Wednesday, December 31, 2008

A Bunch of Photos, mostly from Open Rehearsal 11/9/08

Asta Hansen lookin' lovely in costume.

Winnie up to her neck in mock set.

Winnie explaining how one sometimes get through the whole day without having put up at all.  The rehearsal sunshade did a fine job, but will be replaced anyway.  The sunshade will become smaller and more whimsical.  Tassels will be included.  

Rehearsal props.  Some are done.  Some not.   It is impossible to rehearse this play without props.   The lines and the actions are so intertwined as to be one.

The cover of our chapbook.  It is the poems that Winnie tries to remember during the course of the play.  The picture on the cover of the book is our earlier postcard photo, with Janet Ward as Winnie.  I miss her.  

Me and Asta Hansen in costume, listening to someone after our scenes presentation.  We got some good feedback that day.  We learned some things that were working well and some that needed tweaking.  

Dale Fuller in the Willie hat.  I love this hat - it is just right - except that it is a little too small for Dale.  I made it from aluminum foil and paper mache.  I'll have to make another and I hope the new one comes out as nicely as the first!

Monday, December 1, 2008

Moving along Apace

The Happy Days crew is moving along in our journey toward our production.  After an open rehearsal at which we showed off some well prepared scenes, we have invigorated confidence.   (You see here a bit of our mock set, and Asta Hansen as Winnie, deciphering the toothbrush while Dale Fuller as Willie fans himself with the newspaper.)  We have no illusions about how difficult the road ahead is, and we look forward to the journey.  The play is so complex, so rich, and so good that the work is a joy.  Each time through a new detail becomes clear or a new sense of a moment asserts itself.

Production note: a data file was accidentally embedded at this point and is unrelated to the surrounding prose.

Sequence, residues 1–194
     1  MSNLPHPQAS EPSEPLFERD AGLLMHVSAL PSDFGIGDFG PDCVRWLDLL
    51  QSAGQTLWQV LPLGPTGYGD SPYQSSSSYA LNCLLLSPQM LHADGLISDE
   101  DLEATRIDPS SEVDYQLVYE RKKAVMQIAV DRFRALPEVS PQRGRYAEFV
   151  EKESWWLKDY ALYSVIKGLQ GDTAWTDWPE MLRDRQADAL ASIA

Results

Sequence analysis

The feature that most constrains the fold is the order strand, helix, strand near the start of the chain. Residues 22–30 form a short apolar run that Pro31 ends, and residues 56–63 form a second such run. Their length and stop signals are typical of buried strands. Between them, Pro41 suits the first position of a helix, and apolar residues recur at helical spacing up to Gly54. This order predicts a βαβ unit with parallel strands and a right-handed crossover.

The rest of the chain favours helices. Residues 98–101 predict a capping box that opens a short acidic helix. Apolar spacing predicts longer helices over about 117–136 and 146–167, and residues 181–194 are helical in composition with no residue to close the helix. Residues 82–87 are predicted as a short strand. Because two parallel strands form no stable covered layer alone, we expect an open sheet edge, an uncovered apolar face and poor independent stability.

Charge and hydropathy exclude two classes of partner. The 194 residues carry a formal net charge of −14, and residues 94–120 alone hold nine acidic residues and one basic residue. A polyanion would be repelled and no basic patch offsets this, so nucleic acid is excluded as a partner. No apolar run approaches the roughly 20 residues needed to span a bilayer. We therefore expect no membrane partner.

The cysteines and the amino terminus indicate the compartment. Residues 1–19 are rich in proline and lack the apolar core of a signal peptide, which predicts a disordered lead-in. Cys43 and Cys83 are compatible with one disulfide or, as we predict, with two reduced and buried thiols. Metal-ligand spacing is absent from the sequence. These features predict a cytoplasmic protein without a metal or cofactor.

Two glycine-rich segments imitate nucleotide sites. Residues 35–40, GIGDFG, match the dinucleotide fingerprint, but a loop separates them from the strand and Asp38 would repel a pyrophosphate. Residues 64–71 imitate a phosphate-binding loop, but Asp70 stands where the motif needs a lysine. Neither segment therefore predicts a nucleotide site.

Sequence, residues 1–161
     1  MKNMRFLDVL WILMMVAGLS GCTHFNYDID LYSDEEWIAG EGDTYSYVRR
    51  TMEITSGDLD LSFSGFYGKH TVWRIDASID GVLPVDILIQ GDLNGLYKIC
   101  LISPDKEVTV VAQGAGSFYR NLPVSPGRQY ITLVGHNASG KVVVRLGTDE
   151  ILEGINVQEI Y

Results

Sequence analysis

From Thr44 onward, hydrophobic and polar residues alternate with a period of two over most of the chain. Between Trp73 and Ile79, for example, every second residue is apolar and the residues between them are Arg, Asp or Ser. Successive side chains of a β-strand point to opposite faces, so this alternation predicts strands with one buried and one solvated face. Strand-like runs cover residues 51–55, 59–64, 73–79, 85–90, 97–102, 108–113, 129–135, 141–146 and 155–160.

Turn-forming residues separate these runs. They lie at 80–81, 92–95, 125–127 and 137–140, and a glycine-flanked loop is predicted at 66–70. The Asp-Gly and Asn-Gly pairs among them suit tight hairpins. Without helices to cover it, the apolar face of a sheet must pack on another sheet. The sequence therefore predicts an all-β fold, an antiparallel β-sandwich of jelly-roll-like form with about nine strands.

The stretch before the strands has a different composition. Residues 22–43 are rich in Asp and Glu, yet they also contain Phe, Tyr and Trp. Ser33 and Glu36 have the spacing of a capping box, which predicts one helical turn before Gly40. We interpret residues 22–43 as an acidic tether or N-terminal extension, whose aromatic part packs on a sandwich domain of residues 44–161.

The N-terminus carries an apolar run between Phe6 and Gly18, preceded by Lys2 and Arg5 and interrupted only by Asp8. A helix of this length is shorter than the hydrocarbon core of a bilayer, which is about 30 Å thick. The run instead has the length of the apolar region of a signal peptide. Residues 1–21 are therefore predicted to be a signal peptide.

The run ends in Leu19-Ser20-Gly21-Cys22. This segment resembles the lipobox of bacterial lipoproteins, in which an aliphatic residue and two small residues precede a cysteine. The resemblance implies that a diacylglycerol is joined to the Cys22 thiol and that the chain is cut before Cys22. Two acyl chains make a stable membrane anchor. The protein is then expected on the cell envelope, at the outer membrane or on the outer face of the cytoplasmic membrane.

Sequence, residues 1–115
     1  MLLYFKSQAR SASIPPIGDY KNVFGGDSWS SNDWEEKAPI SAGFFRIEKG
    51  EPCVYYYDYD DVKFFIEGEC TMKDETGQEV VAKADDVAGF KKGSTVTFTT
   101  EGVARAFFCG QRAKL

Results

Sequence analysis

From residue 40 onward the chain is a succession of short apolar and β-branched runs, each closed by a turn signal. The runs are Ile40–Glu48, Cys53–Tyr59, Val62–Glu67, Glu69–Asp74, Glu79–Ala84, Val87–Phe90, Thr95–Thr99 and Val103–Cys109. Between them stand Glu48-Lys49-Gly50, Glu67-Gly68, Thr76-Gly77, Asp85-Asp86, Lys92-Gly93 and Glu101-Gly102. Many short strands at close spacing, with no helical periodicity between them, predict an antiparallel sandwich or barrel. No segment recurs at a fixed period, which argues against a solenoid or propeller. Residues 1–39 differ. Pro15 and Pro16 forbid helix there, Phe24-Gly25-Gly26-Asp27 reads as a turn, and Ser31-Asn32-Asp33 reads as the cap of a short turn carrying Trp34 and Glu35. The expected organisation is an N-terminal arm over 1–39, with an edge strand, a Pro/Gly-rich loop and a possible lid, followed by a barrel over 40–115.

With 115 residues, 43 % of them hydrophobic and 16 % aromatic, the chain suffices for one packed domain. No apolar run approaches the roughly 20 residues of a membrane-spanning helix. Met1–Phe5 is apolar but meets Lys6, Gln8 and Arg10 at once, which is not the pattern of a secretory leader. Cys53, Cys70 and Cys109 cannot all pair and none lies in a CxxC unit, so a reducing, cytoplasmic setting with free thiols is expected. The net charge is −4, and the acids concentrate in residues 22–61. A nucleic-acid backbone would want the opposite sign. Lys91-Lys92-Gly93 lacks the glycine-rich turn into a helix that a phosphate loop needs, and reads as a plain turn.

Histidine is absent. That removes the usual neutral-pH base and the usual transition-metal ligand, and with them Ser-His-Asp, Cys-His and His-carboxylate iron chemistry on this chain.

We are joined on our journey by set designer Darya Geerisimenko.  Below is her first draft rendering of a back drop.  We are thrilled to have such a talented and enthusiastic designer on the ride with us.  

Wednesday, October 29, 2008

Poetry Reading a Success!

A wonderful evening was had by about 40 people in the basement of Lolita Bar at the Poetry Fundraiser for Intentional Theater's Happy Days!  

The atmosphere was relaxed as poets Jeff McDaniel, Rachel M. Simon, Hila Ratzabi, Cristina Izaquirre and Chris Hansen-Nelson each wowed the audience with amazing words.  Ms. Simon graciously donated some of her books "The Theory of Oange" for sale, and we had early copies of "Those Wonderful Lines; the poetry of Happy Days" available.